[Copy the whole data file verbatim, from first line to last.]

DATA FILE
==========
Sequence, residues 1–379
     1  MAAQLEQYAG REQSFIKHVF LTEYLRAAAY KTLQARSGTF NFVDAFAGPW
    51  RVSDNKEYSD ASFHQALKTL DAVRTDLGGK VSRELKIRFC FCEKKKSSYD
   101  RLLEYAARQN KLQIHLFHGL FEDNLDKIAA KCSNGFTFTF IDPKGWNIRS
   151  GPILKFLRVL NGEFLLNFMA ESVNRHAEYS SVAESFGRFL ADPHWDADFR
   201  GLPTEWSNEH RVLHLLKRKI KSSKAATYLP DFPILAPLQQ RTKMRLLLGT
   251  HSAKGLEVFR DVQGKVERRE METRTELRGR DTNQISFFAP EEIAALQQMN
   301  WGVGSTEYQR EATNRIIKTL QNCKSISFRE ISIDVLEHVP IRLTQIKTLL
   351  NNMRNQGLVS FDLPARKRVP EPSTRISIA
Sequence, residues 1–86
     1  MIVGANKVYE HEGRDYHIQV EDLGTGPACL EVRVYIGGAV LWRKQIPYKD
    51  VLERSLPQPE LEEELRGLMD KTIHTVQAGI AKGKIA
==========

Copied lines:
Sequence, residues 1–379
     1  MAAQLEQYAG REQSFIKHVF LTEYLRAAAY KTLQARSGTF NFVDAFAGPW
    51  RVSDNKEYSD ASFHQALKTL DAVRTDLGGK VSRELKIRFC FCEKKKSSYD
   101  RLLEYAARQN KLQIHLFHGL FEDNLDKIAA KCSNGFTFTF IDPKGWNIRS
   151  GPILKFLRVL NGEFLLNFMA ESVNRHAEYS SVAESFGRFL ADPHWDADFR
   201  GLPTEWSNEH RVLHLLKRKI KSSKAATYLP DFPILAPLQQ RTKMRLLLGT
   251  HSAKGLEVFR DVQGKVERRE METRTELRGR DTNQISFFAP EEIAALQQMN
   301  WGVGSTEYQR EATNRIIKTL QNCKSISFRE ISIDVLEHVP IRLTQIKTLL
   351  NNMRNQGLVS FDLPARKRVP EPSTRISIA
Sequence, residues 1–86
     1  MIVGANKVYE HEGRDYHIQV EDLGTGPACL EVRVYIGGAV LWRKQIPYKD
    51  VLERSLPQPE LEEELRGLMD KTIHTVQAGI AKGKIA